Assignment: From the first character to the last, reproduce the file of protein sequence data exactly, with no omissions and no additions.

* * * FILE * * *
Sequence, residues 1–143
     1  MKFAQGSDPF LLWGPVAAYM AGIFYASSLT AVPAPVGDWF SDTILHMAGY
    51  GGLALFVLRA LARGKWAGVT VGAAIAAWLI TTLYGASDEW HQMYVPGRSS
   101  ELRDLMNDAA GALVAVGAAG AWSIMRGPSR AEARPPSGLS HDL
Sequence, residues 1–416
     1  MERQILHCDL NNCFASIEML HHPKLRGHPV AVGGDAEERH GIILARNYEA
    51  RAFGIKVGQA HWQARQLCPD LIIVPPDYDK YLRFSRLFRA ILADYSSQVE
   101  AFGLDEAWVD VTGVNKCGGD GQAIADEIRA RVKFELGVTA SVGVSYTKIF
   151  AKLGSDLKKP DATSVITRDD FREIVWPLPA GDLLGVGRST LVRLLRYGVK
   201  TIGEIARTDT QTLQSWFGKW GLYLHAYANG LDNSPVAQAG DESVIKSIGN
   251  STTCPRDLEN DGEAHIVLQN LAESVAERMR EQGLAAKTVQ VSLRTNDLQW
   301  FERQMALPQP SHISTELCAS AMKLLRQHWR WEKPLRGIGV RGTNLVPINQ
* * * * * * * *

Sequence, residues 1–143
     1  MKFAQGSDPF LLWGPVAAYM AGIFYASSLT AVPAPVGDWF SDTILHMAGY
    51  GGLALFVLRA LARGKWAGVT VGAAIAAWLI TTLYGASDEW HQMYVPGRSS
   101  ELRDLMNDAA GALVAVGAAG AWSIMRGPSR AEARPPSGLS HDL
Sequence, residues 1–416
     1  MERQILHCDL NNCFASIEML HHPKLRGHPV AVGGDAEERH GIILARNYEA
    51  RAFGIKVGQA HWQARQLCPD LIIVPPDYDK YLRFSRLFRA ILADYSSQVE
   101  AFGLDEAWVD VTGVNKCGGD GQAIADEIRA RVKFELGVTA SVGVSYTKIF
   151  AKLGSDLKKP DATSVITRDD FREIVWPLPA GDLLGVGRST LVRLLRYGVK
   201  TIGEIARTDT QTLQSWFGKW GLYLHAYANG LDNSPVAQAG DESVIKSIGN
   251  STTCPRDLEN DGEAHIVLQN LAESVAERMR EQGLAAKTVQ VSLRTNDLQW
   301  FERQMALPQP SHISTELCAS AMKLLRQHWR WEKPLRGIGV RGTNLVPINQ